LeucoPatch Promising in Hard-to-Heal Diabetic Foot Ulcers

Becky McCall

September 28, 2018

Patches consisting of autologous leucocytes, platelets, and fibrin (LeucoPatch, Reapplix) are associated with a significant increase in the proportion of wounds confirmed healed when added to good standard of care, show results of a large randomized trial of hard-to-heal diabetic foot ulcers.

The findings show "a significantly higher incidence of healing within 20 weeks (unadjusted odds ratio, 1.58) in patients receiving LeucoPatch applications, a bedside treatment...compared with good quality standard care," write the researchers led by Frances Game, MD, consultant diabetologist at Derby Teaching Hospitals NHS Foundation Trust, UK. 

"This trial shows a clinically and statistically significant benefit associated with the weekly application of autologous immune cell, fibrin, and platelet patches (LeucoPatch)...The treatment was without apparent adverse events, specifically without evidence of new onset anemia," say Game and colleagues in their in their article published online September 19 in The Lancet Diabetes and Endocrinology.

In an accompanying commentary, Michael Edmonds, from the Diabetic Foot Clinic, King's College Hospital, London, UK, says: "Regardless of the management of the vasculature, there was a significant benefit from the intervention in the hard-to-heal ulcers,” and “the low number of dropouts suggests good patient acceptability."

And although he notes that "the procedure can be done at the bedside by centrifugation of an 18-mL blood sample over 20 minutes without the addition of reagents, which was necessary in previous platelet-derived applications," he still wonders, "How easy would it be to deliver LeucoPatch in the context of a busy diabetic foot clinic, and is it cost effective?"

Noting a cost-effectiveness study is ongoing, he says these data will be welcome. 

First-of-Its-Kind Trial

According to the researchers, the trial is the first of its kind to study the multilayer patches that are generated at the bedside without the addition of reagents. The patch exerts its effect by releasing cytokines and growth factors involved in tissue repair.

Diabetic foot ulcers can take a long time to improve, and even after healing the wounds have a high incidence of new ulceration of approximately 40% at 12 months.

There are a lack of proven treatments for these hard-to-heal wounds, but the recent development of multilayered patches is a possible new option, write the researchers.

The trial aimed to determine whether the application of LeucoPatch, when used in addition to standard care, is superior to standard care alone in healing hard-to-heal diabetic foot ulcers not infected at time of randomization.

A total of 595 people with diabetes and foot ulcers from specialist diabetic foot clinics in the UK, Sweden, and Denmark were recruited. After a 4-week run-in period, patients were included if they experienced a less than 50% reduction in ulcer area, which eliminated 326 patients, leaving only patients with hard-to-heal ulcers.

Of the remaining 269 patients, 137 were randomized to standard care and 132 to the additional application of LeucoPatch. The mean age of participants was 61.9 years, 82% were men, 83% had type 2 diabetes, and median HbA1c was 8.2%. Most ulcers were greater than 100 mm2.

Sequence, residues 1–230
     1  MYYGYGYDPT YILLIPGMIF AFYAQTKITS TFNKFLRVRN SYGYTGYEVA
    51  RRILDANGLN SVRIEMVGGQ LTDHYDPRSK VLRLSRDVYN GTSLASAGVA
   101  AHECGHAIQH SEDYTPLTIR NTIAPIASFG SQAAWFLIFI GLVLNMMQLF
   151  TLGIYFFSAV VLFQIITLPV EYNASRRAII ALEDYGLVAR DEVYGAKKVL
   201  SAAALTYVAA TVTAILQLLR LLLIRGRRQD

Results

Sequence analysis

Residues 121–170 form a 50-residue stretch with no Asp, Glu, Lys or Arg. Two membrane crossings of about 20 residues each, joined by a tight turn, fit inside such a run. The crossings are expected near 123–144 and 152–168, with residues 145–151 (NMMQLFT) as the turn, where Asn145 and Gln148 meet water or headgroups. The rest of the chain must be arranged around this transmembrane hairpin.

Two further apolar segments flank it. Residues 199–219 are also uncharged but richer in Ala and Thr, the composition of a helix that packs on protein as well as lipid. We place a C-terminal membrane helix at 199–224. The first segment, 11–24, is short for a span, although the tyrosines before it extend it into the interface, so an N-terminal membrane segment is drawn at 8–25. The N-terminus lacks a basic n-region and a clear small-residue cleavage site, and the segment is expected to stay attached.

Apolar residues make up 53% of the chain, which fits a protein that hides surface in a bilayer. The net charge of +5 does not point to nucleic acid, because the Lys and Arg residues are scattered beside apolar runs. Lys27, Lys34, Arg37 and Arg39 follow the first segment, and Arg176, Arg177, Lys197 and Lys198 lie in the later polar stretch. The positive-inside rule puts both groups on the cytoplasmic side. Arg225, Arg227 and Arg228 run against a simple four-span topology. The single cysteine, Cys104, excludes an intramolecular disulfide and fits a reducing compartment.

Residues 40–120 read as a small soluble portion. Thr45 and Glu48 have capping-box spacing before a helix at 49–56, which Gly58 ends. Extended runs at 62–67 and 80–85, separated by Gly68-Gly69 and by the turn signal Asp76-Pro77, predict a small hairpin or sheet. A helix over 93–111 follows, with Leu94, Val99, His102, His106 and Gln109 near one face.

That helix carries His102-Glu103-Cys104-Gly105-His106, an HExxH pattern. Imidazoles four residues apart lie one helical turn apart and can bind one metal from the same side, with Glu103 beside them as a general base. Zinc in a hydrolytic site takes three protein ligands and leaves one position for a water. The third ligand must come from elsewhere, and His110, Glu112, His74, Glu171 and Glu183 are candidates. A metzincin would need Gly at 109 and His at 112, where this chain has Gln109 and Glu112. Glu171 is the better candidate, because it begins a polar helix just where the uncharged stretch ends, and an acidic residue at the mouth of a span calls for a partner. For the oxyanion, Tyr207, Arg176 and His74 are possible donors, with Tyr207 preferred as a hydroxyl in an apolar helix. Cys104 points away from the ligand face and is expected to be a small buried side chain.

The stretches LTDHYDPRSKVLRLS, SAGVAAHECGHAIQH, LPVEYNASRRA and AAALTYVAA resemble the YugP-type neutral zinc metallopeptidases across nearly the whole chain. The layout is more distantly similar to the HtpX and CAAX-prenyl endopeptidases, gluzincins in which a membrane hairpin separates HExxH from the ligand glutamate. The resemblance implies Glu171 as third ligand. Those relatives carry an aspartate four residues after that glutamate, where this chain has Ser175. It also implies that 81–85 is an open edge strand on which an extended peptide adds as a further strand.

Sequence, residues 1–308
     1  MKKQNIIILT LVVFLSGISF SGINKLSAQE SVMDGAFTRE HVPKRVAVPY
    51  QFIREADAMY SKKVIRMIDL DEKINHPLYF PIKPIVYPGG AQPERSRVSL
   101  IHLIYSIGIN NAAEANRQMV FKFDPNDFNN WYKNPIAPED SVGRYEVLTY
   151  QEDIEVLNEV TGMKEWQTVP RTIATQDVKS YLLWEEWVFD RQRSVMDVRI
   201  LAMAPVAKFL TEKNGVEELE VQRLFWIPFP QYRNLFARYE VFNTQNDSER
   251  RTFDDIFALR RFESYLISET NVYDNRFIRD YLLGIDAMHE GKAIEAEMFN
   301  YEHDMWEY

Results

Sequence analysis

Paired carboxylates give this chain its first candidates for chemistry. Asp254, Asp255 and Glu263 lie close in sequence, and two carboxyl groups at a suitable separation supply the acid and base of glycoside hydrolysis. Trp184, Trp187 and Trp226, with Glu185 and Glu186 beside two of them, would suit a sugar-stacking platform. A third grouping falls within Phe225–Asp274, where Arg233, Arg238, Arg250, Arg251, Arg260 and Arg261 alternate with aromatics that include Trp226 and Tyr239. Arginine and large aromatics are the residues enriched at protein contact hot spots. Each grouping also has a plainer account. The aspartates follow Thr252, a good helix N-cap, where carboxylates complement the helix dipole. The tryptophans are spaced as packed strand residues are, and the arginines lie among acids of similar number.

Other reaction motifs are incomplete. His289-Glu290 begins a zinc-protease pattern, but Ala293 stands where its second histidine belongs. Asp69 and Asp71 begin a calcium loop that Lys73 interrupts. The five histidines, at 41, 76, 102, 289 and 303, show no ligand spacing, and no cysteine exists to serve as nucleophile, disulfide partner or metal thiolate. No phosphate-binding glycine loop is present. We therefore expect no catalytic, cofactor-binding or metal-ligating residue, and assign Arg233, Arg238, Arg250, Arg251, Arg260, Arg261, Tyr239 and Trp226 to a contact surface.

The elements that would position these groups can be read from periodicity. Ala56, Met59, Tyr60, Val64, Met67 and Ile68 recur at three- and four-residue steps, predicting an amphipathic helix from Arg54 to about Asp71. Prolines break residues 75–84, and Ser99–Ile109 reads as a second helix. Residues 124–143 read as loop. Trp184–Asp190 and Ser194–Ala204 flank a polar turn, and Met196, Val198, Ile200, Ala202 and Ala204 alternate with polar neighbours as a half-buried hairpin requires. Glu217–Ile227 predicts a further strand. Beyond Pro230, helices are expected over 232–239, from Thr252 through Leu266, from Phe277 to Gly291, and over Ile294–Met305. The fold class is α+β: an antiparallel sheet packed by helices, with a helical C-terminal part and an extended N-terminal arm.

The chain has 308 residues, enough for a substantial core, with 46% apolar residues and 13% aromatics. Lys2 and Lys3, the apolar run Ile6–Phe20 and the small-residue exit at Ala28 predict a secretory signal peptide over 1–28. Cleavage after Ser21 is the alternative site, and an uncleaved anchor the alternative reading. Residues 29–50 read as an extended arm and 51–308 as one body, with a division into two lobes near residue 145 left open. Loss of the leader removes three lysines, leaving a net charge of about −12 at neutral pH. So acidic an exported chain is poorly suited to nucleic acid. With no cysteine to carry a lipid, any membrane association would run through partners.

The primary outcome was the proportion of ulcers that healed within 20 weeks assessed in the intention-to-treat population, with "healed" defined as complete epithelialization (confirmed by a masked observer and backed up by digital imaging) that remained healed for 4 weeks.

Improved and Faster Healing With LeucoPatch, but Not Fewer Infections

According to the intention-to-treat analysis, in the LeucoPatch group, 45 (34%) of 132 ulcers healed within 20 weeks versus 29 (22%) of 134 ulcers in the standard care group (odds ratio, 1.58; P = .0235). Also, median time to healing was shorter in the LeucoPatch than the standard care group at 72 days versus 84 days (P = .0343).

There was no difference between the intervention (patch) and standard of care groups in terms of adverse events, including the number of major or minor amputations. The most common serious adverse event was diabetic foot infection, with 24 events in the LeucoPatch group (24% of all serious adverse events) and 20 events in the standard care group (27% of all serious adverse events). There were no device-related adverse events.

"In particular, there was no increased incidence of anemia in the intervention group — even in those with reduced glomerular filtration rate — despite the need for weekly venesection," say Game and colleagues.

Likewise, clinical infection and antibiotic use did not differ between the groups, even though a difference might have been expected because of the leucocytes contained within the application, add the authors.

In his commentary, Edmonds points out that given LeucoPatch delivers autologous neutrophils, macrophages, and platelets to the ulcer, it "might have been expected to prevent diabetic foot infection. However, the incidence of episodes of clinical infection did not differ between the two groups."

"Despite patients being under weekly supervision during the trial, new episodes of infection still developed," he notes, adding that "the prevention of infection remains a challenge."

Edmonds has declared receiving personal fees and honoraria from Laboratoires Urgo Medical, Edixomed, Integra Lifesciences Services, Knox Technologies, and Bayer. Co-authors Lise Tarnow and Magnus Löndahl have received research support from Reapplix. The other authors have reported no relevant financial relationships.

Lancet Diabetes Endocrinol. Published online September 19, 2018. Abstract, Commentary

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